Students lace up for new walking club

Published 9:37 am Thursday, May 19, 2016

Star Photo/Rebekah Price  Students at Harold McCormick are excited to start walking with their friends from West Side and East Side, as well as ball players for the Elizabethton Twins and the Elizabethton softball team in the new Walking Club.

Star Photo/Rebekah Price
Students at Harold McCormick are excited to start walking with their friends from West Side and East Side, as well as ball players for the Elizabethton Twins and the Elizabethton softball team in the new Walking Club.

It doesn’t take much to prove the health benefits of walking, but motivating kids to do it regularly is a whole different sport.

This summer, 160 students enrolled in the Extended School Program (ESP) through the Elizabethton City Schools will be able to measure their progress and will receive incentives to walk as part of a new walking club.

Carrie Taylor, ESP Director, said this is making healthy habits fun for kids, and teaching their importance at an early age.

“I think with the incentives and people we have coming in, and latching into the Tweetsie Celebration, it will really spark an interest in our kids,” Taylor said.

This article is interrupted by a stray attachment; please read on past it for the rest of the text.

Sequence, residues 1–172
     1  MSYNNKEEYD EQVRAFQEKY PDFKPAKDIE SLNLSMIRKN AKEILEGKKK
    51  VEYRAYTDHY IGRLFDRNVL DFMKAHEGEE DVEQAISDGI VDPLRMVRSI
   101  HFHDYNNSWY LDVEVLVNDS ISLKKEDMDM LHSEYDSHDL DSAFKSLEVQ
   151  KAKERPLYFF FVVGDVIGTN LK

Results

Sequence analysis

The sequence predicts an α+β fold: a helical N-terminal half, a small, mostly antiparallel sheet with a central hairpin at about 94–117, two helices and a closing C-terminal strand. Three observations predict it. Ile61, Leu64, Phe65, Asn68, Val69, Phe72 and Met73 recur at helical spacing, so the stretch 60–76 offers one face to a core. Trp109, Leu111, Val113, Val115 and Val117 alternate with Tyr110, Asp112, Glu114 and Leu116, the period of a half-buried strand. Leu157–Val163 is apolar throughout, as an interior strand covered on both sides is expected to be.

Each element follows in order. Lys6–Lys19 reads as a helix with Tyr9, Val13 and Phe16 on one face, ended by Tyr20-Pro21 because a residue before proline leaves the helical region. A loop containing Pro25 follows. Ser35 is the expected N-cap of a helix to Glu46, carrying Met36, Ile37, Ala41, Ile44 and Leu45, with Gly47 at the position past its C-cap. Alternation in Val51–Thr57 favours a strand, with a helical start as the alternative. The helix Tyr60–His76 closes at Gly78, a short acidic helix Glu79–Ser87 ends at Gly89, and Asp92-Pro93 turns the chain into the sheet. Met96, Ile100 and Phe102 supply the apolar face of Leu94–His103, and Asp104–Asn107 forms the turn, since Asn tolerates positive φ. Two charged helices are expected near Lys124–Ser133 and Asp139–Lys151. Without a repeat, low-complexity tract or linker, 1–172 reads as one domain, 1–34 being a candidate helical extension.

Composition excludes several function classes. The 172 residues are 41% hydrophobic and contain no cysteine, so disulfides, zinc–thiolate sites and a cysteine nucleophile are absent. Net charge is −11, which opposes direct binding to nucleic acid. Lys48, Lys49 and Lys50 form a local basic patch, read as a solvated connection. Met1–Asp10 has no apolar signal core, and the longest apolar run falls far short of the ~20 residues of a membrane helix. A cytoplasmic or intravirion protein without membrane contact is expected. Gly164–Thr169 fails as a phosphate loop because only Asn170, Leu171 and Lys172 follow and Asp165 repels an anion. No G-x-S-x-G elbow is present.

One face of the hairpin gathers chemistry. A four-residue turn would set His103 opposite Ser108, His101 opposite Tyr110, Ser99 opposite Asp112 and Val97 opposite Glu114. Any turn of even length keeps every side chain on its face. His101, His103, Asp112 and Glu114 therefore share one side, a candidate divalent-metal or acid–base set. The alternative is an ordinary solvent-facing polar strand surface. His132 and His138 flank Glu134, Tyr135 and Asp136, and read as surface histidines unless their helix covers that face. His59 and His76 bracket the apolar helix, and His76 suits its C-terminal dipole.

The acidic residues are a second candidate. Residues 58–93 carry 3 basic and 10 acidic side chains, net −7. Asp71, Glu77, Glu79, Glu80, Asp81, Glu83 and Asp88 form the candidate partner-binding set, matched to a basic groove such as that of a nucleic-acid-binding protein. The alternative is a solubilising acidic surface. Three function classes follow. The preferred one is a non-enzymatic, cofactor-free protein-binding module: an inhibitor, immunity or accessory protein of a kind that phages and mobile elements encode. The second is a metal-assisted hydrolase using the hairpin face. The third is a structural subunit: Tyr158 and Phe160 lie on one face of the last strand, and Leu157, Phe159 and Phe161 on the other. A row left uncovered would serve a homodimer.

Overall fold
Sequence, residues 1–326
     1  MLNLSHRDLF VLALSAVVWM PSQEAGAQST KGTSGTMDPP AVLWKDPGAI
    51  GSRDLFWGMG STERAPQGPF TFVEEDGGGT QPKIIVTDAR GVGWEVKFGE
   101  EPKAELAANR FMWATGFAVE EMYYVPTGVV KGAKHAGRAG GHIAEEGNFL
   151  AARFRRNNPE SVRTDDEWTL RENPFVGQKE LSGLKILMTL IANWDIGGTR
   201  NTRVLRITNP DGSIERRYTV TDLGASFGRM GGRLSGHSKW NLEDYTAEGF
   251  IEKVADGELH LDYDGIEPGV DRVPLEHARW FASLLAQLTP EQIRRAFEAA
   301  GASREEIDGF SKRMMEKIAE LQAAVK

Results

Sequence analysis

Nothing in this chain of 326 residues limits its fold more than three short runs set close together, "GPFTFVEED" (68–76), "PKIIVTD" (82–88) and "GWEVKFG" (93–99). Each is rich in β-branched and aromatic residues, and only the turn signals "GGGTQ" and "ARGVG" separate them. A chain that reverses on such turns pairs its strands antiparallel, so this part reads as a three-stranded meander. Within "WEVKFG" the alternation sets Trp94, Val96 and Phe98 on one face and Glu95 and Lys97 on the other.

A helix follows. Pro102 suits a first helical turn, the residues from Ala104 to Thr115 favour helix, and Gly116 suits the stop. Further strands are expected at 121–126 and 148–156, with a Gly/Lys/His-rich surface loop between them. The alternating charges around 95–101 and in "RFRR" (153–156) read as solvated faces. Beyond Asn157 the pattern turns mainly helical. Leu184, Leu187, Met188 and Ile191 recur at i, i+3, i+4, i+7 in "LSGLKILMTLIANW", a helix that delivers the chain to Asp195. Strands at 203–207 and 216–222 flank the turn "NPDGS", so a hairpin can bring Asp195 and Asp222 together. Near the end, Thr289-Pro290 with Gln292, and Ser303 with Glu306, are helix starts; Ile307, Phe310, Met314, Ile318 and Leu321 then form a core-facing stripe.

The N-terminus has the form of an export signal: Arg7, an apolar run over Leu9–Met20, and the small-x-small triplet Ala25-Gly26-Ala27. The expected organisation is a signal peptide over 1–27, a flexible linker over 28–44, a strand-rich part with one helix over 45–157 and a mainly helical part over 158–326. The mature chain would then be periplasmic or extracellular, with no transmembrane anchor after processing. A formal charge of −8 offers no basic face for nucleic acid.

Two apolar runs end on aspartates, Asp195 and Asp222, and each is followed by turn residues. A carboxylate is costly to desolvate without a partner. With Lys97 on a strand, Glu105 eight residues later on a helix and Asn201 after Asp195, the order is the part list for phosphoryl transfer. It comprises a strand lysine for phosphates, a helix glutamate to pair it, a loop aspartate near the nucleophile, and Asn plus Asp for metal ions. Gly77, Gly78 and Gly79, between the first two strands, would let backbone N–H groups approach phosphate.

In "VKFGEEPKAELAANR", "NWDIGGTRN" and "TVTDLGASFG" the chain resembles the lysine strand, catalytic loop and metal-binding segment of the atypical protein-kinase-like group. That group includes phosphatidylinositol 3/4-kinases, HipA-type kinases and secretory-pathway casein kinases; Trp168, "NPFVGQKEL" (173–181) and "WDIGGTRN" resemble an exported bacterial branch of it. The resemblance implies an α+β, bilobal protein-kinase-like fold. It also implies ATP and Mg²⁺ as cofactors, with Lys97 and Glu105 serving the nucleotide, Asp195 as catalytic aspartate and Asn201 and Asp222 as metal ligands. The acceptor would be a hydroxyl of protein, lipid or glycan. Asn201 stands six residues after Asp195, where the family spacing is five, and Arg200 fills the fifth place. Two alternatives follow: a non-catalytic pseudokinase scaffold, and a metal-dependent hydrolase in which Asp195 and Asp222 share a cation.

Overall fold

The top walkers will receive rewards like medals, she said, and they will likely set and achieve milestones along the way.

Walking with the elementary-aged students will be the Elizabethton Twins, the Elizabethton girls softball team and CCHD employees.

This is a way for those athletes to get involved and to be role models for the kids,” Taylor said.

The club supplies, like pedometers, water bottles and incentives, will be provided by a $2,500 grant as part of a Tennessee institute of Public Health called Regional Roadmap for a Healthier Appalachian TN.

The grant report shows Tennessee is ranked 39th for health in the nation according to America’s Health Ranking report of 2012. It states obesity, cancer deaths, infant mortality, cardiovascular death, diabetes complications and tobacco use are “notably severe.”

It states personal behaviors account for the greatest proportion of early deaths in the country and emphasizes the importance of learning healthy behaviors early in life.

To help reinforce these values and practices, children will also participate in nutritional classes on Tuesdays provided by the Carter County Health Department (CCHD).

“If we can get these kids practicing healthy lifestyles now, we can help prevent obesity and other unhealthy outcomes,” said Stephanie Hopson, a social counselor with the CCHD.

The classes will focus on health, fitness, nutrition, and reasons to avoid using tobacco, she said. This is part of the CCHD’s primary prevention initiative to fight obesity in Carter County.

The walking club will walk from 9-9:30 a.m. on Mondays and Thursdays in June and July. In June, the ESP program including the walking club, will meet at West Side Elementary in June and at Harold McCormick Elementary in July.

“We’re really just trying to promote healthy lifestyle activities for kids, and hopefully they can take that home and do it with their families as well,” Hopson said.